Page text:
PAP in the Bathtub

According to Lui Tuck Yew, our public transport systems are failing because we are at the tail end of the “bathtub effect“. But does he see that PAP is also in the same bathtub?

The bathtub effect refers to a phenomenon where there are high no of problems at the start of a system’s life cycle, virtually no problems during the middle years, and a sudden spike in the number of problems when a system is at the end of its useful life.

The problems in the early years are teething issues that, once overcome, lead to a plateau of smooth performance. Everything is broken in and run in, all systems are in their best shape, everything is within tolerance.

The problems in the twilight years happen because things wear out, technology becomes obsolete, repairs cost too much and support for older technology isn’t always as great as for new systems.

While the bathtub analogy applies to systems, I think PAP is also now living through its own bathtub effect.

It had its struggles in the early years– PAP was even in the Opposition for a while– but when it overcame its initial problems, boy did they have a good run! From 1972 to 2011, they won GE after GE, they got away with landslide victories, they had practically no problems (ie opposition) to fix.

Now PAP’s problems are coming with increasing frequency. They are wearing out, they are obsolete, votes now cost too much and support for their old ways of thinking isn’t as great from new voters.

2016 will be key to determining if PAP will sink in the bathtub or climb out of it to another new bathtub.


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Someone who sees beyond PAP and "opposition" in Singapore politics. To understand more please see the Top 10 link below.
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6 Responses to PAP in the Bathtub

  1. Ivan says:

    No need to wait for 2016. The PAP have begun in earnest to rectify its shortcomings since the 2011 GE. In a year or so, I am confident it would have smoothened the political crinkles which beset it up to the 2012 GE. The only opposition party in Parliament, the WP, had not shown itself to be able to come up with any counter proposals which were feasible, workable or could effectively displace the education, housing, health or immigration policies of the govt. Prior to GE 2012, talks of opposition unity were scuppered prematurely because each party wanted to be the one to lead the charge to displace the PAP. The migration of some leading personalities from one political party to another clearly showed that those invloved in the migration rather up and leave than work out rational and balanced solutions crucial to party unity. Even so, the WP having fought hard and well to supplant the PAP at Aljuneid, and increased its majority substantially at Hougang, sacked the Hougang MP over the widely reported allegations of his extra marital affairs. The “No comments” saga did not resonate with its commitment to transparency and accountability.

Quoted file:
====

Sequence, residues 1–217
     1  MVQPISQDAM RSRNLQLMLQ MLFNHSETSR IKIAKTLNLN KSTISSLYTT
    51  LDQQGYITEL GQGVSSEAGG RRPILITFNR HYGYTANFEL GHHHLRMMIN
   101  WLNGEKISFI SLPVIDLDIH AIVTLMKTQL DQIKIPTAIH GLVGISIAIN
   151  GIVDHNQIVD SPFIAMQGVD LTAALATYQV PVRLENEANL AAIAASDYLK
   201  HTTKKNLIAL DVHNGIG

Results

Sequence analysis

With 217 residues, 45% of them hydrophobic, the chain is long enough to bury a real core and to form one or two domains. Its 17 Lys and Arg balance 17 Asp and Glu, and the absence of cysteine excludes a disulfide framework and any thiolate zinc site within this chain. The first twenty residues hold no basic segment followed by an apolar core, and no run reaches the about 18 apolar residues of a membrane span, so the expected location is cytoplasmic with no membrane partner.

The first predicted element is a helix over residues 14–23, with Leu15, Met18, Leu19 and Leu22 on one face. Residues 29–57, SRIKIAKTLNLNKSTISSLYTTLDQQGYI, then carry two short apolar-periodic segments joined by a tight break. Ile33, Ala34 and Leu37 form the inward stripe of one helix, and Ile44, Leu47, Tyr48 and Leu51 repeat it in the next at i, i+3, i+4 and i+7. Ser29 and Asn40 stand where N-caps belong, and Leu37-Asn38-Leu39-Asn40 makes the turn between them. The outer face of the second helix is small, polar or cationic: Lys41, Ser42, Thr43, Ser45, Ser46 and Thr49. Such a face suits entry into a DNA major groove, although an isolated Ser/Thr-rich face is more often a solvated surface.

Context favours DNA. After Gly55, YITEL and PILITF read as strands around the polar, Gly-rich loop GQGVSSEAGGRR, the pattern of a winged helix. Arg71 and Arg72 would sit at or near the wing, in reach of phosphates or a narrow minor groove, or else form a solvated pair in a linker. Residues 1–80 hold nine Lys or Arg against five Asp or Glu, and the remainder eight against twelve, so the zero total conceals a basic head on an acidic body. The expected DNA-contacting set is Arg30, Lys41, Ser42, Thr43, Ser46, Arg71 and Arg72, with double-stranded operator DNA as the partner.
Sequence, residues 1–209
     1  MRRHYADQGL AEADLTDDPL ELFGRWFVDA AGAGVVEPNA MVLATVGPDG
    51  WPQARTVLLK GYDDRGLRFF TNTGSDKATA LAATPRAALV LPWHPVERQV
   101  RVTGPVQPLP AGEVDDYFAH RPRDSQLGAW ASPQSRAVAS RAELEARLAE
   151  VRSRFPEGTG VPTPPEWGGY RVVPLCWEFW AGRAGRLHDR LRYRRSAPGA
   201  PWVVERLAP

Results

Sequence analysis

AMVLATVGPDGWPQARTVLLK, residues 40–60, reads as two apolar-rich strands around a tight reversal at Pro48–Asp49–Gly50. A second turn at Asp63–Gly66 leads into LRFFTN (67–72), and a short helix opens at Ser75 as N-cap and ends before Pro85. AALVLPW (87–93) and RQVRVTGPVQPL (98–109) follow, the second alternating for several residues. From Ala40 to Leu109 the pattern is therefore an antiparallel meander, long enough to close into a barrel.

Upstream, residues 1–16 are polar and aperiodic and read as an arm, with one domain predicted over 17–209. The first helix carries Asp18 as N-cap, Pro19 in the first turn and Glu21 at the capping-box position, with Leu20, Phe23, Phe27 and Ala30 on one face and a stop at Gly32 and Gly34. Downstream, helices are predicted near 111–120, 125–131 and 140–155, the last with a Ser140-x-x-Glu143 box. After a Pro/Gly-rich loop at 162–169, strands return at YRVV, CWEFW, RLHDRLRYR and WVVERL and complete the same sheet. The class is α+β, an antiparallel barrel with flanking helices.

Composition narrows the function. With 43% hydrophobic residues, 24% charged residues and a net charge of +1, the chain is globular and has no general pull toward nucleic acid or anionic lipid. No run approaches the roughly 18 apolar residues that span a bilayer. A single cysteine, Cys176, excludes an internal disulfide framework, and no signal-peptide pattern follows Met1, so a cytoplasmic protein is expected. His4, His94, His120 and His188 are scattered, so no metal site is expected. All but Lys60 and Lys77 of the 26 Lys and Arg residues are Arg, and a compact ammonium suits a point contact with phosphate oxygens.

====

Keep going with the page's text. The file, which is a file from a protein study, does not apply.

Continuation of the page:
2. Pingback: Daily SG: 7 May 2012 « The Singapore Daily

  3. DD says:

    During a visit to a mental asylum, a visitor (name Lui) asked the Director what the criterion was that defined whether or not a patient should be institutionalized.

    “Well,” said the Director, “we fill up a bathtub; then we offer a teaspoon, a teacup, and a bucket to the patient and ask him or her to empty the bathtub.”

    “Oh, I understand,” said Lui. “A normal person would use the bucket because it’s bigger than the spoon or the teacup.

    “No,” said the Director, “A normal person would pull the plug. Do you want a bed by the wall or near the window?”

  4. The Pariah says:

    Come 2015/16, the PAP together with scum and sludge from washing dirty laundry drain out into the public sewers ……. so long as we cap Newater to below 20% of total water.

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